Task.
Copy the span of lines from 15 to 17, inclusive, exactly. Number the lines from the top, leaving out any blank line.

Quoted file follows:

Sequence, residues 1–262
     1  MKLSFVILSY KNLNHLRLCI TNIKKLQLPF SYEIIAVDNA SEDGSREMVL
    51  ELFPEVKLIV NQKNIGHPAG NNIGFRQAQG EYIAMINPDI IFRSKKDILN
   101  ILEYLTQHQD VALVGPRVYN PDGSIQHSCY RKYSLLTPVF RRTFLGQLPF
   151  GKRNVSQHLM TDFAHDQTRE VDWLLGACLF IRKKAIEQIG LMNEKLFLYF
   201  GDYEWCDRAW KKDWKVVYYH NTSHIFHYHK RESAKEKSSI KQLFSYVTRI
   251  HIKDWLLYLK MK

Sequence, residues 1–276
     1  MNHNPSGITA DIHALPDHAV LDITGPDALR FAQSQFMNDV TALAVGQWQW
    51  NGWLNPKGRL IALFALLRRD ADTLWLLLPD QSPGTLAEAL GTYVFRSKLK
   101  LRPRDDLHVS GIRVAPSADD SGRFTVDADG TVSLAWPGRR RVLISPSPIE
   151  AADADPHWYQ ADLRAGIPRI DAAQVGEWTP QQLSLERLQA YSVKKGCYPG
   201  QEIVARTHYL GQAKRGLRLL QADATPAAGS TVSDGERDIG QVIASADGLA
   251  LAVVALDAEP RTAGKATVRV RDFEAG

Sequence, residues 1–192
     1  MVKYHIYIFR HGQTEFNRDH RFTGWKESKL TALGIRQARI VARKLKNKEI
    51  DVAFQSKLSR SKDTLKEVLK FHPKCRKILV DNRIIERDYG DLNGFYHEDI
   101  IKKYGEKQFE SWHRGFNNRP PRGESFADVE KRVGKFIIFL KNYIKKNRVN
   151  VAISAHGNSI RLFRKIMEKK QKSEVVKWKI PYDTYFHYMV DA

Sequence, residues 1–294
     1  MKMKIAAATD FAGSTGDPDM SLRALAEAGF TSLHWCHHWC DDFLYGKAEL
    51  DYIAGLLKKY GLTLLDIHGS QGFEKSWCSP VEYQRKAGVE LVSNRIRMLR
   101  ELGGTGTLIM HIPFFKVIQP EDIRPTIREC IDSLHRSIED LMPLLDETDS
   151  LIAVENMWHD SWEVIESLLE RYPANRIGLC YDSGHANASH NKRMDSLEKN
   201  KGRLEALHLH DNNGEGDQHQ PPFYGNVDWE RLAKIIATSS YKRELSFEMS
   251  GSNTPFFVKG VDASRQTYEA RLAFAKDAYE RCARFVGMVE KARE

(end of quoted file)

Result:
Sequence, residues 1–192
     1  MVKYHIYIFR HGQTEFNRDH RFTGWKESKL TALGIRQARI VARKLKNKEI
    51  DVAFQSKLSR SKDTLKEVLK FHPKCRKILV DNRIIERDYG DLNGFYHEDI